Ready for some of the cutest projects made from recycled fence pickets that you have ever seen?? Today I will show you those projects and how to make one of them yourself! Let’s get started!
pick up where we left off
Last time, I showed you how we take tired and old picket fence sections apart. Check out that post and then ask your neighbor if they still like their picket fencing ;). Just kidding! Read that post to see how all this started for me!
These little picket fence crates have been so popular in our shop. I have painted Mason jars in this crate but you could really put just about anything in them.
Let’s get this project going!
Here is a supplies list:
- two reclaimed chippy paint fence pickets
- reclaimed chair spindle or a thick branch
- basic cleaning supplies
- battery powered circular saw (like this one)
- measuring tape
- carpenters square (like this one)
- orbital sander
- cordless drill & driver
- forstener drill bit
- 1″ black wood screws
- wood glue
- Matte Polycrylic Protective Finish
Most of these tools are common in workshops. The orbital sander could be exchanged for a palm sander which are a little less expensive. You could also cut the pickets with a less expensive hand saw and build a little muscle at the same time 😉
a good scrubbing
The pickets are usually pretty dirty since they are used outdoors. They can have splashed dirt and even green algae growing on them if they were in the shade.
No worries! A good scrubbing with standard cleaning supplies will do the trick! You can read how I clean our vintage items here.
measure twice, cut once
With the pickets taken apart, grab two of them, the carpenters square and a pencil. Here are the measurements I use in most of our picket crates, but you could certainly make adjustments for your specific needs. I wanted three masons to fit comfortably in the crate.
- 2 picket end pieces cut at 14″
- 2 side pieces cut at 11 1/2″
- 1 bottom piece cut at 10″
The two picket end pieces are measured from the top of the decorative picket end. Use the carpenters square and a pencil to draw a straight line on both pieces.
Cut the two end pieces first.
I am a fan of batch working but let me caution you when cutting these sections: do not measure and mark all of the pieces at once and then cut! This might not sound like a big deal but remember the saw blade takes up space. Each new measurement has to start at the cut edge.
After the two end pieces are cut, measure and mark the two side pieces. Cut the two side pieces. Measure, mark and cut the bottom piece.
sand the rough spots
When all five pieces are cut, pull out the sander. I like to sand off the cut edges to remove and roughness. I also like to sand off any loose paint as well. Look for rough edges that could snag a finger too! Be careful not to remove all of the chippy paint!
Now to assemble the five sections! My workbench has a vice grip of sorts that will hold sections steady while I attach the other sections. If your workbench doesn’t have this feature, use clamps to hold the sections to your surface. Clamps can act as another set of hands!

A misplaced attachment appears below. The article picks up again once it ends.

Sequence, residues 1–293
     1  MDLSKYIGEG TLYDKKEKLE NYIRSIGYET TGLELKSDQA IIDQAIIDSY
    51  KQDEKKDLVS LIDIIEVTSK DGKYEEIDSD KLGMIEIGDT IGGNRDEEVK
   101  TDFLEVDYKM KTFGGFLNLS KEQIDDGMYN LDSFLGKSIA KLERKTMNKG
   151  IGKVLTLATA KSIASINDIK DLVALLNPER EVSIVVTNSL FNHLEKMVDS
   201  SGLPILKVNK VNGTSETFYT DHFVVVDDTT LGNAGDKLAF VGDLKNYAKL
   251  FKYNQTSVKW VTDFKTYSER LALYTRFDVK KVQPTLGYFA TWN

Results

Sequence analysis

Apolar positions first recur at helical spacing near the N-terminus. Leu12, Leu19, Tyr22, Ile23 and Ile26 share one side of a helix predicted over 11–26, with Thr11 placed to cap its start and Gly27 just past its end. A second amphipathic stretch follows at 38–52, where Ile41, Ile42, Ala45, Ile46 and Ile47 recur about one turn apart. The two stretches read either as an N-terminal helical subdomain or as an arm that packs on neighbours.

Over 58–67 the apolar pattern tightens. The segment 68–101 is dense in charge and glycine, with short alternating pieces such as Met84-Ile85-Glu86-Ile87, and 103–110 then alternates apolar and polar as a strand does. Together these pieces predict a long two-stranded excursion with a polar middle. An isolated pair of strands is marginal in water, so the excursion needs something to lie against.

Attach the side pieces to the picket end piece using wood glue and two of the black wood screws using the drill/driver. Look closely at the second image to see the placement before attaching the sections.
By the way, I always pre-drill the holes to prevent the wood from splitting :). My hubby taught me that!
After attaching the two end pieces and the two sides, the bottom piece can be attached. The bottom piece fits just inside the crate and is attached with two wood screws on each end going through each end piece. Check the image for placement of the screws.
I often use a reclaimed chair spindle for the handle on the crate. Drilling a large hole using a special forstner bit will allow the spindle to fit between the two end pieces nicely
Here is a close-up of the forstner bit. It fits my power drill/driver and can drill a large hole like the ones you see here on my workbench.
do as I say, not as I do!
Ok, so this is where I say “Do as I say, not as I do!” It is much easier to insert the chair spindle BEFORE assembling the crate!
Since I forgot to drills the holes and insert the spindle before assembly, I removed the top screws where the side sections meet the end sections on one side. That allowed me to pull the end section away just enough to get the spindle inserted. Problem solved!
I gave the picket crate a nice coat of Polycrylic to seal it. It is hanging out to dry!
cutest picket crates in town!
Aren’t these the cutest?? The one below was made using different measurements than I give in this post and I also used a branch from a live tree as the handle!
There is good news if you can’t find already-painted-and-chippy picket fences! Stores like Lowes and Home Depot carry individual pickets for about $2 each! Paint and distress and you have yourself a supply of pickets for this project!
Here are a couple of variations we have made over the years. They are just too cute!
thanks for dropping by!
So glad you popped by today for this recycled fence picket project! I would love to know how you would use them in your home! Or better yet, let me know if you make one yourself! Share we me in the comments 🙂